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The Begotten (The Gifted Series, Book 1) Paperback – September 4, 2007
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From Publishers Weekly
Bergren's experience as a Christian historical fiction author (God Gave Us You) serves her well in this religious thriller, the first of a trilogy set in 14th-century Italy. Fragments of a mysterious long-lost letter written by Saint Paul are surfacing that speak of a group known as the Gifted, who will gather to fight the powers of encroaching darkness. With the Inquisition in full swing, Satan has sent his minion, the Sorcerer, to take over the world. Father Piero, a Dominican priest, has found the first of the Gifted, Lady Daria D'Angelo, who can bring the dead back to life. Daria uses her gift on the dying knight Gianni de Capezzana, who swears fealty to Daria and joins her in Siena, where the group gains strength and numbers. Soon, the Gifted and the forces of the underworld are locked in mortal combat. CBA readers will find much to cheer, but others will also enjoy this classic battle between good and evil. Disregard Da Vinci Code comparisons and think Lord of the Rings, but without Hobbits and the allegorical trappings. (Aug.)
Copyright © Reed Business Information, a division of Reed Elsevier Inc. All rights reserved. --This text refers to an out of print or unavailable edition of this title.
*Starred Review* Bergren's thriller is set in Italy during the paranoid days of the Inquisition, when Christianity teeters on the edge of oblivion. A long-lost letter from St. Paul surfaces, predicting the rise of a group called the Gifted. Father Piero, a Dominican priest, finds the first of these, a proto-feminist with healing powers, Lady Daria D'Angelo. A knight whom she heals, Gianni de Capezzan, and a mute ex-slave, Hasani, round out the core members, who rapidly gain followers even as they flee the Sorcerer, the fearsome, magical emissary of Satan. Suspenseful and exquisitely detailed, Bergren's first entry in a trilogy will not only thrill evangelical readers but also engage anyone loving adventure and an unnerving battle between good and evil. John Mort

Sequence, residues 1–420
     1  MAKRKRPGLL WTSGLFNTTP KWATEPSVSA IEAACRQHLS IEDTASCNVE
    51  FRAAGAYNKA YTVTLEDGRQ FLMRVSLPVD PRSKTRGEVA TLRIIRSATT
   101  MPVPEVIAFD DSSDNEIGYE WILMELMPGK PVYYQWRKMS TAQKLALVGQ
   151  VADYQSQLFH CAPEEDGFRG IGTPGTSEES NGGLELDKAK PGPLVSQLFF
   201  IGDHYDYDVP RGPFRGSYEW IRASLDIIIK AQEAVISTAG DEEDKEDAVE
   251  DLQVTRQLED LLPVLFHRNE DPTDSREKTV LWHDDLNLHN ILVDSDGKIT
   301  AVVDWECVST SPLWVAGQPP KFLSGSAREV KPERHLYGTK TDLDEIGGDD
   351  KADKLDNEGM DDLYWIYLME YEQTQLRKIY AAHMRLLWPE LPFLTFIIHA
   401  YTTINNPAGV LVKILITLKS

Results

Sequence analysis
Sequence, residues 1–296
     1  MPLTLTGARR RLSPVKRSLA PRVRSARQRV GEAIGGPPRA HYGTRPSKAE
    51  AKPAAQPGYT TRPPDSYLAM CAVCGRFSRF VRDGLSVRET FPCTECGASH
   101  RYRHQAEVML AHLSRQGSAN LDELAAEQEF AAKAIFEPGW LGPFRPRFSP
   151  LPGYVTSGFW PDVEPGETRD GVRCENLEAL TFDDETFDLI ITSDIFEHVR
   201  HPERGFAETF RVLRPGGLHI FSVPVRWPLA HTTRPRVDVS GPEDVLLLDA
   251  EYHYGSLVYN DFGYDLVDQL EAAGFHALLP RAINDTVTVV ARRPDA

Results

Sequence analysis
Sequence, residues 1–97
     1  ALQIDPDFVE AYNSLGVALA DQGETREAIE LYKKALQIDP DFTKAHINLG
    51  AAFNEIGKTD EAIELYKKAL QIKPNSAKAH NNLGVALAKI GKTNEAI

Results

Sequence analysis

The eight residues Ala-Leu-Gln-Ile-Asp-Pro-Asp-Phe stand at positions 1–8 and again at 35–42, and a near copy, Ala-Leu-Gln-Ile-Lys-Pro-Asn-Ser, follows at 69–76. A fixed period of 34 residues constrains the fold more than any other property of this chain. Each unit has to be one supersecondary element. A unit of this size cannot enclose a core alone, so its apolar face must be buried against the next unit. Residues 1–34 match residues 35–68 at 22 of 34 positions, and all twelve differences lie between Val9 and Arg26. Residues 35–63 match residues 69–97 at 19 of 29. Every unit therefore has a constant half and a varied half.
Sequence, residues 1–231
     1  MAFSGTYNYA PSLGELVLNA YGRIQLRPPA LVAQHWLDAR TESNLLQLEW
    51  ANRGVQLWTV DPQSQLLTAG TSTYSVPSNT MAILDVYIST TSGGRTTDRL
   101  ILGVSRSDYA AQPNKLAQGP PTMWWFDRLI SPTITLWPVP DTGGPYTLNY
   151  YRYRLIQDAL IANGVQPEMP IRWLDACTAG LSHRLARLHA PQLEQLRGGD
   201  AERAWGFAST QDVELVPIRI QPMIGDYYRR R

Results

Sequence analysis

Copyright © American Library Association. All rights reserved --This text refers to an out of print or unavailable edition of this title.
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Top customer reviews
This book represents a growing subgenre of Christian speculative fiction - the religious thriller. Christian romance and historical fiction are established subgenres. However, "religious thriller" sounds like an oxymoron. The Publisher's Weekly review left me scratching my head in confusion. "CBA readers will find much to cheer, but others will also enjoy this classic battle between good and evil. Disregard Da Vinci Code comparisons and think Lord of the Rings, but without Hobbits and the allegorical trappings."
CBA encourages the publication of upliftingly enjoyable novels such as Christy by Catherine Marshall. Stretching the CBA's boundaries beyond The Chronicles of Narnia seems difficult. I often wonder if The Lord of the Rings had been published now whether it would have been embraced by CBA given the backlash against the Harry Potter books and their ilk. Besides, what is the LOTR without Hobbits and the allegorical trappings?
The story is set in 14th century Sienna, a city-state that will become part of the modern nation of Italy. A prophetic book, purportedly written by the Apostle Paul, describes the coming battle between good and evil, "not against flesh and blood, but against rulers, against powers, against the world forces of this darkness, against the spiritual forces of wickedness in the heavenly places." - Ephesians 6:12.
The powers of darkness work through men moved by greed, lust, sorceries, and death. The Gifted work through powers bestowed by God--wisdom, healing, faith, visions, discernment, miracles, and prophecy.
Before others of the Gifted can gather, the power of darkness strikes like a hammer to destroy them. Can mere men and women stand against such power?
Ms Bergren recreates the world of 14th century Sienna with a deft touch, bringing alive a culture that is completely foreign to our own.
With trembling hands, the old woman set down the box upon the table
and opened the lid. Spectacles! Gianni had only seen two pair of the
new contraptions--once in Venezia, the second in Roma. They were
frightfully expensive, an extravagance of the wealthy. And the lady
bestowed them upon a servant?
Though I would not claim an extensive knowledge of church or renaissance European history, Ms. Bergren fills her story with historical references with just the right amount of explanation that give her story breadth and scope, such as the removal of the papacy to Avignon in France.
The pace and tension of the story rise page by page, impelling the reader forward chapter by chapter to the rich, satisfying conclusion. Tom Clancy and Michael Crichton could do no better.
Ms. Bergren's storytelling demonstrates the blossoming of a genre that will appeal to people of diverse faith cultures--the religious thriller. I am looking forward to reading the other books in the Gifted series.
If you are merely seeking a thrilling read, congratulations you have it, however if you're open to the realm of God's greatest promises you'll be blessed with a richness that far exceeds a good read.
The Begotten is book one of a trilogy I read all three books in one week and pray that the series is made into a movie.
An awesome story with awesome characters who all have awesome faith!